Galerie St. Etienne Presents an Exhibition to Benefit The Coalition for the Homeless

Visual Arts

Galerie St. Etienne is pleased to announce an online group exhibition of works by Sue Coe, Oskar Kokoschka, Käthe Kollwitz, Alfred Kubin and Egon Schiele. All profits from the sale will be donated to The Coalition for the Homeless, to support their ongoing efforts in protecting the homeless population during the COVID-19 outbreak. The exhibition will be presented on Artsy from June 1 to June 30, 2020.

Featuring some of the gallery’s mainstay artists–celebrated masters of German and Austrian Expressionism, as well as the gallery’s sole living contemporary artist, Sue Coe–these works were selected because of their humanistic content. “As we consider the varied impact of COVID-19 on those who have been privileged to shelter in relative comfort, and those who have not, these works remind us of the common humanity we all share,” says Director Jane Kallir on describing the importance of supporting the Coalition and including these artists in Galerie St. Etienne’s benefit sale.

Citing the importance of supporting the most at-risk populations during times of crisis, the Coalition’s Executive Director Dave Giffen says, “The Coalition is so grateful to Galerie St. Etienne for so generously supporting us during this critical time. Our homeless neighbors are so vulnerable right now, and the support raised through these efforts will absolutely save lives.”

Highlights include Egon Schiele’s Squatting Woman, created during a brief exploration of printmaking that resulted in only 17 known graphic works. During the spring and summer of 1914, the artist produced a total oeuvre of six drypoints. Printed from Schiele’s original plate, this impression of Squatting Woman comes from an edition of 100 specially pulled at Robert Blackburn’s Printmaking Workshop, New York to accompany the deluxe edition of the catalogue raisonné Egon Schiele: The Complete Works (Abrams, 1990). All impressions are initialed, dated and numbered by Schiele expert Jane Kallir on the verso.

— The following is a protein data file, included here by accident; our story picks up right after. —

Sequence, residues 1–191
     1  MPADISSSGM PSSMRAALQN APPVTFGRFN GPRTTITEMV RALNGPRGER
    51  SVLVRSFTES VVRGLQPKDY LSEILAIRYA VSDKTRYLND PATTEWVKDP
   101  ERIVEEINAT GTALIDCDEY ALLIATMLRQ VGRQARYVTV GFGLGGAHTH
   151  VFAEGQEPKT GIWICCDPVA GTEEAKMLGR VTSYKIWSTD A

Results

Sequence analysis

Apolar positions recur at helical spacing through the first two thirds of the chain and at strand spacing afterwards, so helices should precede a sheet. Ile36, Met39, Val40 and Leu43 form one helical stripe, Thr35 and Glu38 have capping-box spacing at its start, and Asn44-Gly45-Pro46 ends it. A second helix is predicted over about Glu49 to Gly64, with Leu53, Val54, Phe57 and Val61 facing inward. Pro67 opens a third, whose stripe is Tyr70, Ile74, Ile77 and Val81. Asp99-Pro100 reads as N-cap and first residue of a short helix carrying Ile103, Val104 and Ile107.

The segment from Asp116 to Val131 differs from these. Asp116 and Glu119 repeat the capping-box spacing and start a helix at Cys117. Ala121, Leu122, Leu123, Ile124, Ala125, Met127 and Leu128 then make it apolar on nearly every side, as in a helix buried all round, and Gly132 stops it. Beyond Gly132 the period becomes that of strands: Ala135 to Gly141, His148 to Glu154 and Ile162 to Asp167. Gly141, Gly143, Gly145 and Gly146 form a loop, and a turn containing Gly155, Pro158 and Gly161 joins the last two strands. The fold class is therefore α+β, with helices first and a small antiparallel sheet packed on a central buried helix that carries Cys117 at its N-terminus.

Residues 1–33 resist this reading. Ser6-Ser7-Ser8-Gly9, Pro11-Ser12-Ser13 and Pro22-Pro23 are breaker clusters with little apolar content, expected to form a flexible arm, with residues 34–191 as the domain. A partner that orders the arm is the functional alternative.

While Käthe Kollwitz is best known for documenting social injustice, Mother Holding Child in Her Arms expresses her softer side, capturing the profound joy of motherhood. One of only thirty of Kollwitz’s etching plates that survived the mass destruction of World War II, this impression was pulled by Kollwitz’s publisher, Alexander von der Becke. His efforts made it possible for a new generation of collectors to acquire Kollwitz originals at affordable prices and helped solidify the artist’s place as a master of the graphic arts.

A response to the weeks-long bombing of thousands of civilians during the Gulf War, Coe’s Bomb Shelter (1991) is marked by the influence of Expressionist artists such as Kollwitz. Bomb Shelter was recently included in MoMA PS1’s “Theater of Operations: The Gulf Wars 1991-2011.” In his review of the exhibition, The New Yorker’s Peter Schjeldahl praises Coe for capturing the “lifelong sorrow and anger at human barbarities.” Coe will have a retrospective exhibition at Galerie St. Etienne in the autumn of 2020, the gallery’s final show before transitioning to a non-profit.